If you have MSWord on your computer you can “copy” the recipe by highlighting the recipe, then right click your mouse and click on “copy”. Open the Word program (or other “text” program) right click your mouse in a “new document” and click on “paste”. Name and save the file to a location on your computer that you will remember. You can print as desired. (I “save” everything to my “desktop” then move the file afterwards.)
      Good luck.

  10. Winifred May 25, 2013, 7:54 pm

    I was shocked to see that you state that Calaflower is a good source for bone health. Several years ago my endocrinologist told me that raw colaflower keeps you from absorbing Calcium! I’m not say you are wrong but now I don’t know who is right!

  11. Jane May 22, 2013, 1:56 pm

    Thank you Vivienne for the wonderful recipe! I’m a vegan so tried it without eggs – I just used a few spoons of extra ground flaxseed soaked in water instead and they turned out fine – really delicious. I don’t usually eat cauliflower as I consider it a ‘boring’ vegetable, but didn’t realise how healthy it is. I spread houmos and avocado slices on my ‘bread’ – delicious.

    • Vivian Goldschmidt, MA May 23, 2013, 3:29 pm

      Jane, you are so right – cauliflower can easily seem “boring” until you really look into how healthy it is! I am so glad you tried the recipe – finding new ways to use healthy foods helps keep the “boring” at bay! 🙂

  12. Roberta May 22, 2013, 9:23 am

    I love the idea of cauliflower as bread. I am always looking for substitutes for grains.

  13. Myrna May 21, 2013, 9:42 pm

    Hi Vivian,

    Thank you so much for sharing us healthy information and thank you for the Save our Bones Program. It helps a lot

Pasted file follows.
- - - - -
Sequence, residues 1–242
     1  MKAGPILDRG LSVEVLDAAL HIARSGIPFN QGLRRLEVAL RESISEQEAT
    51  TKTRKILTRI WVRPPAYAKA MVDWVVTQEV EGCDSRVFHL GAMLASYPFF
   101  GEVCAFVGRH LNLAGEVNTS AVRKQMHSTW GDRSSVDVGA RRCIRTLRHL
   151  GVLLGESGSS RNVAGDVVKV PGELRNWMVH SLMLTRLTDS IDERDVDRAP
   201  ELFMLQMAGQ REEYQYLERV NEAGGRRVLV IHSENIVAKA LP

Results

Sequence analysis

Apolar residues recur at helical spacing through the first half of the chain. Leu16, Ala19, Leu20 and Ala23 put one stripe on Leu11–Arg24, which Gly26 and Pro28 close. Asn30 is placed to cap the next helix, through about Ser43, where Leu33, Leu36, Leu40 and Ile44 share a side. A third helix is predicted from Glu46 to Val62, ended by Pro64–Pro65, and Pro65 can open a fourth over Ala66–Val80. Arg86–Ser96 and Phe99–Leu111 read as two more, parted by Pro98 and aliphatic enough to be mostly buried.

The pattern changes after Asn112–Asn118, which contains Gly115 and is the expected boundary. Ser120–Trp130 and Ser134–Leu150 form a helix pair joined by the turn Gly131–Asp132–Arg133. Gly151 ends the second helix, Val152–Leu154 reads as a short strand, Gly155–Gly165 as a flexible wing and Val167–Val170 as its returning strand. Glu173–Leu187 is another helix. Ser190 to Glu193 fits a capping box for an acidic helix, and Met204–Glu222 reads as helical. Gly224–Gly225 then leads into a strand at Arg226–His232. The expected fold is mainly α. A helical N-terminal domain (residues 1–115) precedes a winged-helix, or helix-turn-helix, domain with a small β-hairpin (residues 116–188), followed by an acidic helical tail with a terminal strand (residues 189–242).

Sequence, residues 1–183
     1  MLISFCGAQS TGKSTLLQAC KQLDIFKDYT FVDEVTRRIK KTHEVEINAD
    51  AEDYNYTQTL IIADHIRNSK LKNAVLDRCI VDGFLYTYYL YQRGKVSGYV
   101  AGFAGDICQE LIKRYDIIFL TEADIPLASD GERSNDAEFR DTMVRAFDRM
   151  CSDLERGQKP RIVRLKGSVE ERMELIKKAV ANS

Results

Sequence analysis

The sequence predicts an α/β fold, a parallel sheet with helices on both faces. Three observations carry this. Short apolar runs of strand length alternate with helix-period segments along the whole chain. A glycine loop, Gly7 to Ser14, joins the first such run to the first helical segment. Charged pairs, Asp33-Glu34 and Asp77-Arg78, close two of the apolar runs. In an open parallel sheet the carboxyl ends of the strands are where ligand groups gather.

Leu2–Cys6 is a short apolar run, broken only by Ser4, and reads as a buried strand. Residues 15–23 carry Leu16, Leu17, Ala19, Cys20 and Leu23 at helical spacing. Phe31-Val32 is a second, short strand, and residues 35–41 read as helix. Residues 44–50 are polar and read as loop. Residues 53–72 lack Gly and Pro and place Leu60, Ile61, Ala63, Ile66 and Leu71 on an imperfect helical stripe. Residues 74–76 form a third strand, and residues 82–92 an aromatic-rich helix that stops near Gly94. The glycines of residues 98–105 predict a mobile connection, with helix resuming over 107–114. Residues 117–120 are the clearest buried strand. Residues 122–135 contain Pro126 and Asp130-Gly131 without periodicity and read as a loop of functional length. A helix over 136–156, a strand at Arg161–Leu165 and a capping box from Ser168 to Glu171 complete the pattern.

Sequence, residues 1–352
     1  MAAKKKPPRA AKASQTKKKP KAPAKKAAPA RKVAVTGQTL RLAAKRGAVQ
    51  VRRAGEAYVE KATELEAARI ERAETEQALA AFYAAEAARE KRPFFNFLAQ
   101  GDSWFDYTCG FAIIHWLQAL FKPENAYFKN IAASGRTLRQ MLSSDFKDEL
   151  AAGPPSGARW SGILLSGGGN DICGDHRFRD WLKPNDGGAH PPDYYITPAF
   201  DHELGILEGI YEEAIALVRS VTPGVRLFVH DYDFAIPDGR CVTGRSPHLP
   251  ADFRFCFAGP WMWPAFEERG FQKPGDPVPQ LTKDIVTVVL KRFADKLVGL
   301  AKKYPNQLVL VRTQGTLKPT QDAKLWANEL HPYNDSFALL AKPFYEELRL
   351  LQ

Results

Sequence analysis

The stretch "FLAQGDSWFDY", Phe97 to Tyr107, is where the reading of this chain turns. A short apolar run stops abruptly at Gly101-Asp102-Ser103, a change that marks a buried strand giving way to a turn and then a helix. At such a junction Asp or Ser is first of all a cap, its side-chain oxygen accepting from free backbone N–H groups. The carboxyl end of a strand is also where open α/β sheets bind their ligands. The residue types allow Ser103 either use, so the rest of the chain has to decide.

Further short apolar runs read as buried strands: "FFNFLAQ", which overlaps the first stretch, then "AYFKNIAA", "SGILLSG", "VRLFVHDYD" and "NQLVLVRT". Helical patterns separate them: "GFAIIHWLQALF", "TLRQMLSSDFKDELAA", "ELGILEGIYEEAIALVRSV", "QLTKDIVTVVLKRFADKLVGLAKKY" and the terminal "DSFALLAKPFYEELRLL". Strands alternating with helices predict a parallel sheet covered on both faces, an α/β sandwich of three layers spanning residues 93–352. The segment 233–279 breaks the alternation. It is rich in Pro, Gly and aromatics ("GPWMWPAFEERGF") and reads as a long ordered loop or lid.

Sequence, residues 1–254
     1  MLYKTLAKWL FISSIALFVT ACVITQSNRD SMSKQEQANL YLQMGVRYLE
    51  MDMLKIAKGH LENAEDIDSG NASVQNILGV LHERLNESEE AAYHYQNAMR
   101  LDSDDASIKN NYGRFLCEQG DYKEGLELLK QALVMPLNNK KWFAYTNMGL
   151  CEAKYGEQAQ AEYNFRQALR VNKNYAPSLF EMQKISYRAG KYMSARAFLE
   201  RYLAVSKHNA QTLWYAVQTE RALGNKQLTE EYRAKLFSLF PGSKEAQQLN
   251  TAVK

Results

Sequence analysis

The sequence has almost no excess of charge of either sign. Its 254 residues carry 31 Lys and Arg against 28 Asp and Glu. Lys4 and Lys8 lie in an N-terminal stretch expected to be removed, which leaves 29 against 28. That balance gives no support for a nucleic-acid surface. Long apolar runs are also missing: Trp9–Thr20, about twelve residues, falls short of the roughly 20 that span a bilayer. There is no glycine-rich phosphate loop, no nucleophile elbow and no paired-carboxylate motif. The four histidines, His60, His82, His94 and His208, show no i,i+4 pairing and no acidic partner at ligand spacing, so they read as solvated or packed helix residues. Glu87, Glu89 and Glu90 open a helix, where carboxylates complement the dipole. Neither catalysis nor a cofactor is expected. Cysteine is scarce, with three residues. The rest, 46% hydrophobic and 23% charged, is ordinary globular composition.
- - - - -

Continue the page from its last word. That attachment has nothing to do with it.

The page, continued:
14. Daphne May 20, 2013, 6:57 pm

    Thank you for all the good info. I love the site.

  15. LynnCS May 20, 2013, 1:57 am

    Such great information about the cauliflower. I often buy one and forget it in the back of the fridge. Look what I’m missing. Great report and recipe. Thanks, Lynn

  16. Philomena May 18, 2013, 7:08 pm

    Thank you so very much Vivian, for the cauliflower bread receipe and details for bone health. Blessingsxxph

  17. Edith May 18, 2013, 7:05 pm

    Thank you Vivian for sharing your recipes. I always try them, I tried the cauliflower bread, not bad at all! very interesting.

  18. Leslie (Ms. L. Carmel) May 18, 2013, 4:03 pm

    Hi! Vivian,

    Your Cauliflower Bread Sounds Delicious! Thank You VERY MUCH For Sharing The Recipe With Us.


  19. Goldie Davis May 17, 2013, 9:22 pm

    I would like to try Cauliflower bread but can’t get Flaxseed
    meal but can get ground flax, would using that be O.K.
    Thanks for all your helpful news letters I share them with a friend.

    • Vivian Goldschmidt, MA May 18, 2013, 7:10 am

      Yes, ground flax seed and flax meal are the same thing. 🙂

  20. Christine May 17, 2013, 8:09 pm

    I love the idea of cauliflower bread.
    Do I need flax meal? Should I substitute something else? Or can I omit it?

  21. Alma McNamara May 17, 2013, 9:12 am

    I will make the cauliflower bread….
    Do you have any thoughts on taking Celebrex for arthritis?

  22. jana May 17, 2013, 6:22 am